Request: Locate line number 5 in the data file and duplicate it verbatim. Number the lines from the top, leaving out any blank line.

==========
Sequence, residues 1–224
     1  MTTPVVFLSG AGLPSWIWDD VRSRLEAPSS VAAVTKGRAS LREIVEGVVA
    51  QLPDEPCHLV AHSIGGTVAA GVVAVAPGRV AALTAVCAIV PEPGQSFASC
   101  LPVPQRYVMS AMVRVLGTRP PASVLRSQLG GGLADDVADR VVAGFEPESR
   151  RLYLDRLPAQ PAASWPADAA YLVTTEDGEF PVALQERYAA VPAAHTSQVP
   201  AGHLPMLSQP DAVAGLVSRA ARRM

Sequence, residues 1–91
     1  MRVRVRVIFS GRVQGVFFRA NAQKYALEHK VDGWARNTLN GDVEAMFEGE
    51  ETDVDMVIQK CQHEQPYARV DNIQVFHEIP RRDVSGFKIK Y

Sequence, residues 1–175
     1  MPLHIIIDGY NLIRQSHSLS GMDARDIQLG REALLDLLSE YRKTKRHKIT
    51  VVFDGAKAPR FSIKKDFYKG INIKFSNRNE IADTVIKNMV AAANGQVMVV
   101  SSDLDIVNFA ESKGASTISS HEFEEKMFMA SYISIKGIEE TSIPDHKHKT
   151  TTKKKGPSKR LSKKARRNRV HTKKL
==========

   151  RLYLDRLPAQ PAASWPADAA YLVTTEDGEF PVALQERYAA VPAAHTSQVP